My Writers Circle

Writing => The Writers Circle => Topic started by: MadDove on April 24, 2016, 02:56:50 PM

Title: How to avoid cliches writing in a genre you don't read?
Post by: MadDove on April 24, 2016, 02:56:50 PM
I'm writing a novel in a surreal, existential setting which will be tagged as fantasy, a genre I haven't read in a while though it was a former fave. (If anyone wonders why I'm writing in a genre I no longer prefer it's because I like the freedom it allows to exercise my imagination in unconventional ways). The tenets of good writing apply regardless of genre so it should not be relevant. I've done some limited research and have not discovered a book that resembles what I'm trying to create. Yet I want to avoid cliches and at the same time not be influenced by others' imagined worlds; I'm a stickler for trying to keep my ideas fresh if not wholly original (cause there's no such thing). I consciously choose books for my recreational reading written by respected authors hoping to glean something about writing from their example. Should I include fantasy to peruse the current landscape? It's a dilemma I'm not sure how to reconcile.
Title: Re: How to avoid cliches writing in a genre you don't read?
Post by: Vogel on April 24, 2016, 04:32:12 PM
If you're going to write a fantasy book, I think you're going to have to read the genre. What you read ten, fifteen years (or however long) ago doesn't count as much, I don't think, because then you probably wasn't reading from a writer's standpoint.

For example, I'm writing a mystery novel (well, sort of) set in the Southern US. It's not a conventional mystery and can't be shoved into specific genres like cozy or police procedural and while there's not anything out there I think that is exactly like it, many of the themes are present in other books. I think my reading material inspired what type of work I wanted to write. In my free-time I read thrillers, horror, fantasy, Southern lit, mysteries and general fiction. I learn something new from each and every genre I read, but at the same time, you're not going to know what's out there and what's expected for the genre, if you don't read and study it. I wouldn't limit myself to the genre of the book you're writing, for many reasons, but I wouldn't expect to be able to write a successful Southern novel, without reading the genre from time to time. You can borrow ideas freely. I'm not talking about stealing plots or characters, but little tricks of the trade. Like dialogue, for example and word choice, among other things. See how these authors create fantastical elements, how they balance realism with the fantastical, how they create mood, plot, etc.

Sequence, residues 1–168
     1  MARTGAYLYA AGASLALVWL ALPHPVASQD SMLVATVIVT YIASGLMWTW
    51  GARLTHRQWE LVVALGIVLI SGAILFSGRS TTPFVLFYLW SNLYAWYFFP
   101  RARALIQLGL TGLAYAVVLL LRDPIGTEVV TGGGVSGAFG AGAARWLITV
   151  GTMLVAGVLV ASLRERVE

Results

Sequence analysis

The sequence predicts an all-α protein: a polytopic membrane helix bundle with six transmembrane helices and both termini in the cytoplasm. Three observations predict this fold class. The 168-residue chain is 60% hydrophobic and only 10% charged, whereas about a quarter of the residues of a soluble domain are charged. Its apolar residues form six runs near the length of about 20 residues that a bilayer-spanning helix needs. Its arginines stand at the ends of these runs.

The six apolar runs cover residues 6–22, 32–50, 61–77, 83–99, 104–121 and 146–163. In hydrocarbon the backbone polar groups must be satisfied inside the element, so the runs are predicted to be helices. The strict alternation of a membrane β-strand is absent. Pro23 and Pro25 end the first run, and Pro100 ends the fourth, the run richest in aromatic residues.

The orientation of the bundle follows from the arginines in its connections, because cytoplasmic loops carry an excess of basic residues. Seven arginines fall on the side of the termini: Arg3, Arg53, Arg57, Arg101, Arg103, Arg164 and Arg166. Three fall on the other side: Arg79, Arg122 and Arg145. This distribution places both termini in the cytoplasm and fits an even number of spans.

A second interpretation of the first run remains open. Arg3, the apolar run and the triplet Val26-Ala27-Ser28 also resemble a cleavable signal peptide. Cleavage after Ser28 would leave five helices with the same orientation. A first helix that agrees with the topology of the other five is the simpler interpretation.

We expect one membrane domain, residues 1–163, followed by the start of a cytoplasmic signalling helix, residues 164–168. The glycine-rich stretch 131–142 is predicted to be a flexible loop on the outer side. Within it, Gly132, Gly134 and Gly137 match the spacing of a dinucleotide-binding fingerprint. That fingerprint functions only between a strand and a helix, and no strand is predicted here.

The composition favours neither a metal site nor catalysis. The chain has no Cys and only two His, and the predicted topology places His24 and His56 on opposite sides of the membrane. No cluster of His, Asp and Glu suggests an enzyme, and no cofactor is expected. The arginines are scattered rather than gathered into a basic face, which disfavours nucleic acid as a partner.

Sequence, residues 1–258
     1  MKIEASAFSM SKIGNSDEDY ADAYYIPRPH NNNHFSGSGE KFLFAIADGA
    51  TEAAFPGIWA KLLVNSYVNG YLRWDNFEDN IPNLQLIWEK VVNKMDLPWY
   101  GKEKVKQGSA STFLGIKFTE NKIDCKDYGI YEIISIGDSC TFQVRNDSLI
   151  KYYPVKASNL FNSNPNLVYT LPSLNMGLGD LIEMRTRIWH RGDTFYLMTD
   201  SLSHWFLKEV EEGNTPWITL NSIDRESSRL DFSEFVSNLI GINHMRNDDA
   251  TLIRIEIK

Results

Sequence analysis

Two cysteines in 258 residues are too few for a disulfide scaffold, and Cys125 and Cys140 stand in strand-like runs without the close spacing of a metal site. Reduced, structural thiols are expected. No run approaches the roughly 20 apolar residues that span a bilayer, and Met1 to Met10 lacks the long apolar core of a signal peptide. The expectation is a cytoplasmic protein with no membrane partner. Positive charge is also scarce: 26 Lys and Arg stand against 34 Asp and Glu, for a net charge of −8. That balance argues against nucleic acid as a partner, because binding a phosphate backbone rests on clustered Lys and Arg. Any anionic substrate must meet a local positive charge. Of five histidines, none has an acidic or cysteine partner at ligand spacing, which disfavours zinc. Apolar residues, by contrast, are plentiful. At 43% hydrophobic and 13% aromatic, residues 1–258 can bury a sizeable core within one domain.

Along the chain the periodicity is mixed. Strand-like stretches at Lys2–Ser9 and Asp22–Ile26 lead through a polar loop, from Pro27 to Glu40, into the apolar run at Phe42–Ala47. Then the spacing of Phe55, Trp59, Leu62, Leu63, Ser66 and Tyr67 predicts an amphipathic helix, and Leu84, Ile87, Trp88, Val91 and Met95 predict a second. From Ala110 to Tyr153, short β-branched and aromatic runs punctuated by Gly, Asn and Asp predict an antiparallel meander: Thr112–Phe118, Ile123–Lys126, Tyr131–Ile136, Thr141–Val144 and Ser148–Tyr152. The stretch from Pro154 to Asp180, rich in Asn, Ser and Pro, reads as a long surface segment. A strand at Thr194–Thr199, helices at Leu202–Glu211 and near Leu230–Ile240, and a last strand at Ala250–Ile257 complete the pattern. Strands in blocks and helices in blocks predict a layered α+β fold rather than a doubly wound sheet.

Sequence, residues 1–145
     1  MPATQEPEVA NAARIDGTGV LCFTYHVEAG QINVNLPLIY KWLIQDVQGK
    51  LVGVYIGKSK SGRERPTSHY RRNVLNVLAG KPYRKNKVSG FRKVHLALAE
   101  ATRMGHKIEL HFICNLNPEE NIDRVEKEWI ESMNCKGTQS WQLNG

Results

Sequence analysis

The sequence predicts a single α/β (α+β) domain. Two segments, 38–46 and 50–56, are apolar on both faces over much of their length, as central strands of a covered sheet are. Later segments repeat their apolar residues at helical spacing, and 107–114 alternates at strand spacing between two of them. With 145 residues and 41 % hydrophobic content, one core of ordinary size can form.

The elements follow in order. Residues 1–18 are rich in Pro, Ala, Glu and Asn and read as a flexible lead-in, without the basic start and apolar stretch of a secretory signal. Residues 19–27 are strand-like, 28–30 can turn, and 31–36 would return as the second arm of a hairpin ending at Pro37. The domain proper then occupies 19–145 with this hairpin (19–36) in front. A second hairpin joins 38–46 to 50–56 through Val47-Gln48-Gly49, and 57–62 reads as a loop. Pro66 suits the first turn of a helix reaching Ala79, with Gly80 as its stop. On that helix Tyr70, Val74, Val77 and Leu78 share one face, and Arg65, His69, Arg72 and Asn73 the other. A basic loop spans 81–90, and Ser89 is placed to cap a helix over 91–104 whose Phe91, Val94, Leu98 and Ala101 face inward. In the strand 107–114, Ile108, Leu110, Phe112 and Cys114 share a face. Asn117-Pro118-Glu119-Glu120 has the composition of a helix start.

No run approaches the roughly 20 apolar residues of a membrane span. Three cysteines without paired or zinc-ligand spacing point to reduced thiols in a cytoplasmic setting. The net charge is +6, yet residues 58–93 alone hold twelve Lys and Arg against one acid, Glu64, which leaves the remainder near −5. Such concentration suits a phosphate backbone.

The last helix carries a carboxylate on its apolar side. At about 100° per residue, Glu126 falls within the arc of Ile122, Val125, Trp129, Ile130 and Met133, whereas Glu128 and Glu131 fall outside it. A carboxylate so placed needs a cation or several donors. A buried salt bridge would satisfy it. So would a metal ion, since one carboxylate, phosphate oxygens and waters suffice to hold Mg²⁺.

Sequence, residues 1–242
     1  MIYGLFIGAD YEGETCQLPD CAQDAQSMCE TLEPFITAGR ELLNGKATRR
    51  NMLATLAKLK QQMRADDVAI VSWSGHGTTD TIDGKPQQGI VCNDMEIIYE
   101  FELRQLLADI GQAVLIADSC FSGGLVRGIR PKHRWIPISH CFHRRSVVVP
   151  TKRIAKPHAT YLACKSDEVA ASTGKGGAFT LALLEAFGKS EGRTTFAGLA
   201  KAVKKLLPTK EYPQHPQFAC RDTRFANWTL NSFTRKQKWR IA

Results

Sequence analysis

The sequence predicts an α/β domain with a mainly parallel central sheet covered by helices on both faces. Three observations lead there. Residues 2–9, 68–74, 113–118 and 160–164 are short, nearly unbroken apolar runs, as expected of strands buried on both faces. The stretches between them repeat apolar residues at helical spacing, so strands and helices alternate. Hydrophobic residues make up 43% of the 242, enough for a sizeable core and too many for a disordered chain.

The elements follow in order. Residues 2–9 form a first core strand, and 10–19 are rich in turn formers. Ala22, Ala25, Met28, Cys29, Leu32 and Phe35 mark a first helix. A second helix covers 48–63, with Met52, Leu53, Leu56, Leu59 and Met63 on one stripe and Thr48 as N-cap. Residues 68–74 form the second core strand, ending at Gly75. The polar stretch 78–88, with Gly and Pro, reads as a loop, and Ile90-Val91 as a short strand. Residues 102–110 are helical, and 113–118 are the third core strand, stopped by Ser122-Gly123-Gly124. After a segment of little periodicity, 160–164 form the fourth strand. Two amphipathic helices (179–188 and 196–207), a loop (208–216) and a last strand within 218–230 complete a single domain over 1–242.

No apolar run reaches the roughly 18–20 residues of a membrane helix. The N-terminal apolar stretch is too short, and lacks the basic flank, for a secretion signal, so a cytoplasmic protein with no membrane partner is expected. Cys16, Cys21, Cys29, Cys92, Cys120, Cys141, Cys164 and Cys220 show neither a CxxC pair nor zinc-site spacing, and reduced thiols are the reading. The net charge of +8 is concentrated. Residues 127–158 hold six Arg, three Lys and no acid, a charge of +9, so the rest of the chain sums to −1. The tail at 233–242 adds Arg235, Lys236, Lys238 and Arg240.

As you work out your novel, I'd suggest writing short stories in between, maybe set in the real world. While you may feel that the fantasy genre leaves you with many open windows, it's incredibly hard to get right and to write something original and fresh. Writing pieces set in the real world can help a writer get a grasp on how to create imagery for the reader, among other things. It'll help you develop a style that you can apply to fantasy Besides, most fantasy mirrors realism, if you get what I'm trying to say, I'm having a hard time trying to say what I mean. While there are fantastical elements, the characters and setting should reflect real people and real places, because they're inspired from them.